Tea culture is defined by the way tea is made and consumed, by the way the people interact with tea, and by the aesthetics surrounding tea drinking, it includes aspects of tea production, tea brewing, tea arts and ceremony, society, history, health, ethics, education, and communication and media issues.
Tea is commonly consumed at social events, and many cultures have created intricate formal ceremonies for these events. Western examples of these are afternoon tea and the tea party. Tea ceremonies, with its roots in the Chinese tea culture, differ among eastern countries, such as the Japanese or Korean tea ceremony. However, it may differ in preparation, such as in Tibet, where tea is commonly brewed with salt and butter. Tea plays an important role in some countries.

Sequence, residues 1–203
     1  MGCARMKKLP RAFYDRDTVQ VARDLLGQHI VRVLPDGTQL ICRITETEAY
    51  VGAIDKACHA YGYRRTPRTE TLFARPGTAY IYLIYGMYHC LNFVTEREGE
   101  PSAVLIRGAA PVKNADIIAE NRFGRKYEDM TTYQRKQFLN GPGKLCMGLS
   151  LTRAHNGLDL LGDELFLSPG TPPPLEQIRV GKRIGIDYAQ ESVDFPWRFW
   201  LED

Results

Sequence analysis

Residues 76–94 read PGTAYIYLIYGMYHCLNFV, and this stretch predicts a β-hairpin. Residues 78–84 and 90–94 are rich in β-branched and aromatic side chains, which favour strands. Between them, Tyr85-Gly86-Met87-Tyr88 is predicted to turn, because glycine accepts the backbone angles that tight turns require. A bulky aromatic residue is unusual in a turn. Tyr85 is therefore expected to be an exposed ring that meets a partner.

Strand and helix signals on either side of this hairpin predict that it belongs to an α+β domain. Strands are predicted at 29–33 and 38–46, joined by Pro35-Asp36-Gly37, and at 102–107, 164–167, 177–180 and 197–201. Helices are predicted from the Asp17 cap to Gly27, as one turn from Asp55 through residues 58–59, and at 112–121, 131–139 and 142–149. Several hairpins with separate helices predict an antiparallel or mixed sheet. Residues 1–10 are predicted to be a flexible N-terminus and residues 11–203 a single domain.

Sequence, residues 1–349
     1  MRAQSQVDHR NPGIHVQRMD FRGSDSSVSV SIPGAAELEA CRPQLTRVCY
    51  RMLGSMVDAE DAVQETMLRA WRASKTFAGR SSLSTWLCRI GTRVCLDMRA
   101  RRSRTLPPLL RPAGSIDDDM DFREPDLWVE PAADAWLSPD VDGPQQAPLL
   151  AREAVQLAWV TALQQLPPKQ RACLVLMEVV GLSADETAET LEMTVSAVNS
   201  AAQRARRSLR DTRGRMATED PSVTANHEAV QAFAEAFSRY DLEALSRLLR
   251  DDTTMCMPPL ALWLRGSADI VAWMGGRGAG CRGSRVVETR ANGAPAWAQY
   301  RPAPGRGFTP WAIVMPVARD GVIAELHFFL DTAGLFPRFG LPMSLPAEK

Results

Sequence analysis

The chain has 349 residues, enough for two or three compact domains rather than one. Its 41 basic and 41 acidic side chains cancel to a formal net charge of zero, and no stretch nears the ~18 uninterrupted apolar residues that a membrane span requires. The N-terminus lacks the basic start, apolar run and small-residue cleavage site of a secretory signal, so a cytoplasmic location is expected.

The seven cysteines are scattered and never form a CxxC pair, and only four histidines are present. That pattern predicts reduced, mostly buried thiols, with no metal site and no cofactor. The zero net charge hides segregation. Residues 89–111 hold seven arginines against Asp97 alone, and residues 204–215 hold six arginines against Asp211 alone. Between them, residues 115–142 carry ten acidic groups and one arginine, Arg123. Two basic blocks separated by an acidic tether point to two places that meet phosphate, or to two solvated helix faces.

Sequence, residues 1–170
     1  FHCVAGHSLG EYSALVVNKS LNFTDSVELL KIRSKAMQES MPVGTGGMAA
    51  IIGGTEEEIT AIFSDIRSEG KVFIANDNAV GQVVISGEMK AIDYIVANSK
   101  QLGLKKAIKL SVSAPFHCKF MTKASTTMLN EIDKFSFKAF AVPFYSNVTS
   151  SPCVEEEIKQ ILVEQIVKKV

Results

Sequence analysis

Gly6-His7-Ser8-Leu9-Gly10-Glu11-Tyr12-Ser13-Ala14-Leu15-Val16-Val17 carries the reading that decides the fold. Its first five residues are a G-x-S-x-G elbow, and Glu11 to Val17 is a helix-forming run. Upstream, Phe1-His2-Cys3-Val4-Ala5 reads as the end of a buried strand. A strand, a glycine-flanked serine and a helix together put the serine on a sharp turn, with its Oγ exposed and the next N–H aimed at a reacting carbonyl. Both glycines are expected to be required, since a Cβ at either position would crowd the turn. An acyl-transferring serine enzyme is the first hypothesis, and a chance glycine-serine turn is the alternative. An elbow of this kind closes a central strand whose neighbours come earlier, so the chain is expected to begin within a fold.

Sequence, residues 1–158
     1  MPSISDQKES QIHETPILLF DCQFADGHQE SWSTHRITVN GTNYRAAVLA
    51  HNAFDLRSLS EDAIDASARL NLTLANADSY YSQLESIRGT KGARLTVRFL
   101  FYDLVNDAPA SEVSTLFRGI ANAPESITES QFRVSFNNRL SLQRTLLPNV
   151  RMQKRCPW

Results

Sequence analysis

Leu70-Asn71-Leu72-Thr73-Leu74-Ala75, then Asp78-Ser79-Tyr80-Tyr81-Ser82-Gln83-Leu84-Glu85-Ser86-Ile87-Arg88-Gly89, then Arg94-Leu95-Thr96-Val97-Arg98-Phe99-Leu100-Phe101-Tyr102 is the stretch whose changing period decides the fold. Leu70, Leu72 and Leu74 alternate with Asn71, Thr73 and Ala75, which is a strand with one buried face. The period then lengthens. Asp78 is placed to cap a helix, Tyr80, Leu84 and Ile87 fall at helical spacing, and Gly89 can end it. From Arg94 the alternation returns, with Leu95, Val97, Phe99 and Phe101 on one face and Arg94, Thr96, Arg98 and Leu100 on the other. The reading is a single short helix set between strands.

The British Empire spread its own interpretation of tea to its dominions and colonies including regions that today comprise the states of India, Hong Kong, and Pakistan which had existing tea customs, as well as, regions such as East Africa (modern day Kenya, Tanzania, and Uganda) and the Pacific (Australia, New Zealand) which did not have tea customs.
Different regions favor different varieties of tea — black, green, or oolong — and use different flavourings, such as milk, sugar or herbs. The temperature and strength of the tea likewise varies widely.